An NPR probe finds many nursing homes are still prescribing schizophrenia drugs to calm dementia patients — despite FDA warnings — but only 2 percent of excessive-medication cases result in penalties.

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Morning Edition

Old And Overmedicated: The Real Drug Problem In Nursing Homes

Monday, December 08, 2014

Way too many residents of U.S. nursing homes are on antipsychotic drugs, critics say. It's often just for the convenience of the staff, to sedate patients agitated by dementia. That's illegal.

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All Things Considered

Red Cross Misstates How Donors' Dollars Are Spent

Thursday, December 04, 2014

Red Cross officials have repeatedly said 91 cents of every dollar donated to the charity goes to disaster relief services. But an investigation by NPR and ProPublica found that's just not true.

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Last 'Angola 3' Inmate's Conviction Should Be Thrown Out, Court Says

Friday, November 21, 2014

Albert Woodfox has spent about 40 years in solitary for the 1972 murder of a prison guard. A federal appeals court's unanimous decision could set him free, if the state decides not to challenge it.

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Delinquent Mine Fines: 'Clearly Troubling ... More Can Be Done'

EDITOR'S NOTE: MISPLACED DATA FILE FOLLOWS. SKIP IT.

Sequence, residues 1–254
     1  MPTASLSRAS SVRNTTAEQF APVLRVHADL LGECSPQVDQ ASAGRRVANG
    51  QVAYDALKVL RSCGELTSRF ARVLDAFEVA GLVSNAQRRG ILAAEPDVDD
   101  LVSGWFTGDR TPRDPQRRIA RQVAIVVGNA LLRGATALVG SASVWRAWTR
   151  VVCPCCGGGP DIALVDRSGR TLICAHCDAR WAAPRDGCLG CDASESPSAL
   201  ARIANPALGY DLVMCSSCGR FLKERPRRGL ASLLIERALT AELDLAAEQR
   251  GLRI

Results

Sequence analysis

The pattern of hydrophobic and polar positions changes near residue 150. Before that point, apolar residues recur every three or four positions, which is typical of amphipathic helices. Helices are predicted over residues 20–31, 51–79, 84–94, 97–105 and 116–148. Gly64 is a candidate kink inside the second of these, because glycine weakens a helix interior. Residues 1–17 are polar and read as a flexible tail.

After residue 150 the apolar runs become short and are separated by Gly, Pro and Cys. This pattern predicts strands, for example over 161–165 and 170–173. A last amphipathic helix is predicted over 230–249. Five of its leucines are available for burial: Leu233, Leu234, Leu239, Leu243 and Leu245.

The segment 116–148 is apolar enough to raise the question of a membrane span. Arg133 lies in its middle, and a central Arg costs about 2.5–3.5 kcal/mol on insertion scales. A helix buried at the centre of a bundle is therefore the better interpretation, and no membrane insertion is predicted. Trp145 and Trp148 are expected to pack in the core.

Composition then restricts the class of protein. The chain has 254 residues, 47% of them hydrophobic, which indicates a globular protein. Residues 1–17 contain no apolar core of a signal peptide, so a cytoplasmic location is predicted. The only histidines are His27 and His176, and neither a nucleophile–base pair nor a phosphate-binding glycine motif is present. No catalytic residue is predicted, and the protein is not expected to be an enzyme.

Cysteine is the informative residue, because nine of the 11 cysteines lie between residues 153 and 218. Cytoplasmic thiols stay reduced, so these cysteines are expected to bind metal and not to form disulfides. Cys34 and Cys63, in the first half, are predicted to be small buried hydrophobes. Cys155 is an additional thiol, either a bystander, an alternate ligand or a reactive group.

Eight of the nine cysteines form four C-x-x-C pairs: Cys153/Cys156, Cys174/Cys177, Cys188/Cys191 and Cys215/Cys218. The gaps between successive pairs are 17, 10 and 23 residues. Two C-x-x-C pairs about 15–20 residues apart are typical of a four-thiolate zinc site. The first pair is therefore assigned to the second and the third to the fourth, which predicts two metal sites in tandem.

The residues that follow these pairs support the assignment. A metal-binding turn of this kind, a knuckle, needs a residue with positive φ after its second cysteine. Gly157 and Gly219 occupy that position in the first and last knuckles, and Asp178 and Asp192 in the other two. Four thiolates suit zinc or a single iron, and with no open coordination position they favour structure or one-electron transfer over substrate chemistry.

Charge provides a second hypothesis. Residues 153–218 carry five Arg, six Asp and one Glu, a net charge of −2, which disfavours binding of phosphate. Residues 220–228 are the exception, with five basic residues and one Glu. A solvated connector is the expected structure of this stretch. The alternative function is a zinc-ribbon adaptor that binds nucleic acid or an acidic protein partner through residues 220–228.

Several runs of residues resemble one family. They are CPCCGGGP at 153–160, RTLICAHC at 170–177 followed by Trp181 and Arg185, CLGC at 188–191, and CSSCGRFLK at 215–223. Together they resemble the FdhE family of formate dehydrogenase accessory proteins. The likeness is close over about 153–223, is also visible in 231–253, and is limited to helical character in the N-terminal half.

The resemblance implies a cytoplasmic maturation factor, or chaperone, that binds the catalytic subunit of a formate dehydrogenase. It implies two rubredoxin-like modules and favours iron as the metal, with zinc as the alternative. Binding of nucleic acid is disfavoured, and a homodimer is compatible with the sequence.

Wednesday, November 19, 2014

"We have tools in place to crack down on these scofflaws, but what's missing is a stronger commitment," says John Kline, a key House Republican.

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All Things Considered

Billionaire Spent Millions In Charity, But Avoided Mine Fines

Saturday, November 15, 2014

Jim Justice, a West Virginia philanthropist and mine owner, gave away and invested more than $200 million while his mines failed to pay $2 million in delinquent mine safety penalties.

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Morning Edition

Former CEO Indicted For Alleged Role In Deadly Mine Disaster

Thursday, November 13, 2014

Don Blankenship is accused of defying safety regulators when he ran the Upper Big Branch coal mine in West Virginia. A blast at the mine killed 29 people in 2010.

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All Things Considered